The first of these approaches advocates “managing and restricting new products under existing law, and in some cases may even include outright bans.” The article states that in this approach, “innovators have an obligation to adapt to the existing regulatory environment.”

Alternatively, the second approach relies heavily on the “let it happen” hypothesis. This approach, the Laissez-Faire approach, requires minimal government or regulatory intervention and more than a “wait and watch” approach where rules are developed after careful observation of market behavior over a long period of time.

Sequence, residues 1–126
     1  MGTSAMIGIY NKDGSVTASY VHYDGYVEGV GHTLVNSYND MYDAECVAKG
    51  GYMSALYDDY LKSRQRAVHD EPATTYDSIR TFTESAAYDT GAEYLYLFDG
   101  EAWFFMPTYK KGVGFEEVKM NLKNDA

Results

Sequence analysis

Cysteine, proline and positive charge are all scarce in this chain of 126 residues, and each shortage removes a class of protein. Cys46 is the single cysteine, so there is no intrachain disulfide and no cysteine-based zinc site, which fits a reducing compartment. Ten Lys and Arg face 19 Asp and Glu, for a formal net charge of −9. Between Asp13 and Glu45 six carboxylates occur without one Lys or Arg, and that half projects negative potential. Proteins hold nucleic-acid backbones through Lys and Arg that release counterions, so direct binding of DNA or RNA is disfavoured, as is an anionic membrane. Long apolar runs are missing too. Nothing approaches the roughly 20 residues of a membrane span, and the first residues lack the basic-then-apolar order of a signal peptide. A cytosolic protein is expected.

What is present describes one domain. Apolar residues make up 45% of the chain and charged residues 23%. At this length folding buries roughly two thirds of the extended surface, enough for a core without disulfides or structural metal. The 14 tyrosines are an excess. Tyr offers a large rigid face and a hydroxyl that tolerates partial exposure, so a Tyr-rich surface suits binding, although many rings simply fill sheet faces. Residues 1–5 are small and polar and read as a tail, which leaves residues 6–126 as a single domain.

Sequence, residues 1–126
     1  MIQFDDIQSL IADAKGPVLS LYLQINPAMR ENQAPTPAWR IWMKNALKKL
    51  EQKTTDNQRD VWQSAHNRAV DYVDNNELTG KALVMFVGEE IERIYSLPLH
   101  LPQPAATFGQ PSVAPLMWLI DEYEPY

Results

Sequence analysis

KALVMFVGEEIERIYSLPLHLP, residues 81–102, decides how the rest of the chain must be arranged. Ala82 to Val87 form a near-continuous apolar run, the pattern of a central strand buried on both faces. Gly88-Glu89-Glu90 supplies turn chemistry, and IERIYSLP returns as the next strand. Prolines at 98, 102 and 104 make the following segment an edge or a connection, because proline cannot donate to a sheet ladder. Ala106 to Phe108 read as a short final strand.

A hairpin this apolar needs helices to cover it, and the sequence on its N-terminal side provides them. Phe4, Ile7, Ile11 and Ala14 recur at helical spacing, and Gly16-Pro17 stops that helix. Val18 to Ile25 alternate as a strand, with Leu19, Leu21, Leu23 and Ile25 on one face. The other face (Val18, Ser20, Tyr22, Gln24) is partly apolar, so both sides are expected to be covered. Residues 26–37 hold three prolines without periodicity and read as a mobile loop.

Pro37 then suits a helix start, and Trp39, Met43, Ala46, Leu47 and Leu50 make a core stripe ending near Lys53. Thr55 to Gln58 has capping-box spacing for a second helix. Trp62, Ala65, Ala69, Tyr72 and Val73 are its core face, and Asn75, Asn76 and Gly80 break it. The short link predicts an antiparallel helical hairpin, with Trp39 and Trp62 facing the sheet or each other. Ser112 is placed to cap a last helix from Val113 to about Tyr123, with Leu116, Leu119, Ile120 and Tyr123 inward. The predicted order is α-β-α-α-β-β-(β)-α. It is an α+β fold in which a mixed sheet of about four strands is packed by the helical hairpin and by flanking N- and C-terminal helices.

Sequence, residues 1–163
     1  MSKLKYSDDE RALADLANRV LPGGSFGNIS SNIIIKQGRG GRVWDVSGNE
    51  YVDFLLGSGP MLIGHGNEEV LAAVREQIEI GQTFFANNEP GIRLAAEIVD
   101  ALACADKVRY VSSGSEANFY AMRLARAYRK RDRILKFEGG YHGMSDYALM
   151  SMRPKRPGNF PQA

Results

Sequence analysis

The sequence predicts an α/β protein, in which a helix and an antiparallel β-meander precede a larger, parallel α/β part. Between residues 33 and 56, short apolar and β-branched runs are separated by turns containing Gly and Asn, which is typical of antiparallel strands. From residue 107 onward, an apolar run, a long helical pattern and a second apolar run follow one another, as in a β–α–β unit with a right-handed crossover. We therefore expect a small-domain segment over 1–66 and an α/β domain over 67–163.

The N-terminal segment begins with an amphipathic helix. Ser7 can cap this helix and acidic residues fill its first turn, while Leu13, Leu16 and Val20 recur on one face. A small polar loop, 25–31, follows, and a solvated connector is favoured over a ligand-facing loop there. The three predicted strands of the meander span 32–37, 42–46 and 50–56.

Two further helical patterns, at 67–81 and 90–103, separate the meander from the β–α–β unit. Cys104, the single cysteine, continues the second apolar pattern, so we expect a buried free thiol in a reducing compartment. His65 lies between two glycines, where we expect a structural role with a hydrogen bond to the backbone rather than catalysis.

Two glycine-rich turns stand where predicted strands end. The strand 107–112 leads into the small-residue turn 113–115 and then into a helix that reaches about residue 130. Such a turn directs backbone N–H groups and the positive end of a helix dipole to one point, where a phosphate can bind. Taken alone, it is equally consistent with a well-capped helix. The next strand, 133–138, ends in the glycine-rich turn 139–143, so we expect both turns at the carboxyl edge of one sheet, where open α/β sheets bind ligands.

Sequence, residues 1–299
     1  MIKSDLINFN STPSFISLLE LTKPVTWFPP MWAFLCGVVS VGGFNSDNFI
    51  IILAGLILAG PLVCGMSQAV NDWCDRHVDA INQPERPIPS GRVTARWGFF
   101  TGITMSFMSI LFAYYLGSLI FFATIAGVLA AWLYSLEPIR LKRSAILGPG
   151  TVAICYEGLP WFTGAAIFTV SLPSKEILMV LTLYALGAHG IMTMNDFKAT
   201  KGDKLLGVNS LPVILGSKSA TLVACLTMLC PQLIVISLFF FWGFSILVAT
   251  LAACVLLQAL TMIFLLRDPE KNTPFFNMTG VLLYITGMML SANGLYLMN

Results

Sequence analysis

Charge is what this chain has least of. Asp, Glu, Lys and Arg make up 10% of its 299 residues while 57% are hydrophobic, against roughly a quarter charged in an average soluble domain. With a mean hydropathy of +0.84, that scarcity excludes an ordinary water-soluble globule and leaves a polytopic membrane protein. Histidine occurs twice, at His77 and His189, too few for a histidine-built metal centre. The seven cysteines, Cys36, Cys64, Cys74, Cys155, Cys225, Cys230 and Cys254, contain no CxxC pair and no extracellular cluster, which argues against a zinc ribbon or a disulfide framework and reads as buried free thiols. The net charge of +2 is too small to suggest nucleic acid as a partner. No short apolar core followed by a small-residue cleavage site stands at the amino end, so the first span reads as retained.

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Our website uses cookies and similar technologies. By using our website, you agree to the use of cookies. More information about how we use cookies can be found in our cookie policy. PESHAWAR – Pakistan’s central bank has proposed a ban on all forms of cryptocurrencies, saying the risks of trading Bitcoin, Ethereum and other cryptocurrencies outweigh the potential benefits.

A ‘risk-benefit analysis’ committee of the State Bank of Pakistan (SBP), set up following a Supreme Court directive, recently said that cryptocurrencies were depleting the country’s foreign exchange reserves and fueling illicit financing.

Pakistan’s Urdubit Exchange Shuts Down After Crypto Ban

A body comprising the Ministry of Finance, Ministry of Information Technology, Pakistan Telecommunication Authority (PTA) and Security and Exchange Commission of Pakistan (SECP) has recommended a complete ban on virtual currency and related activities in Pakistan.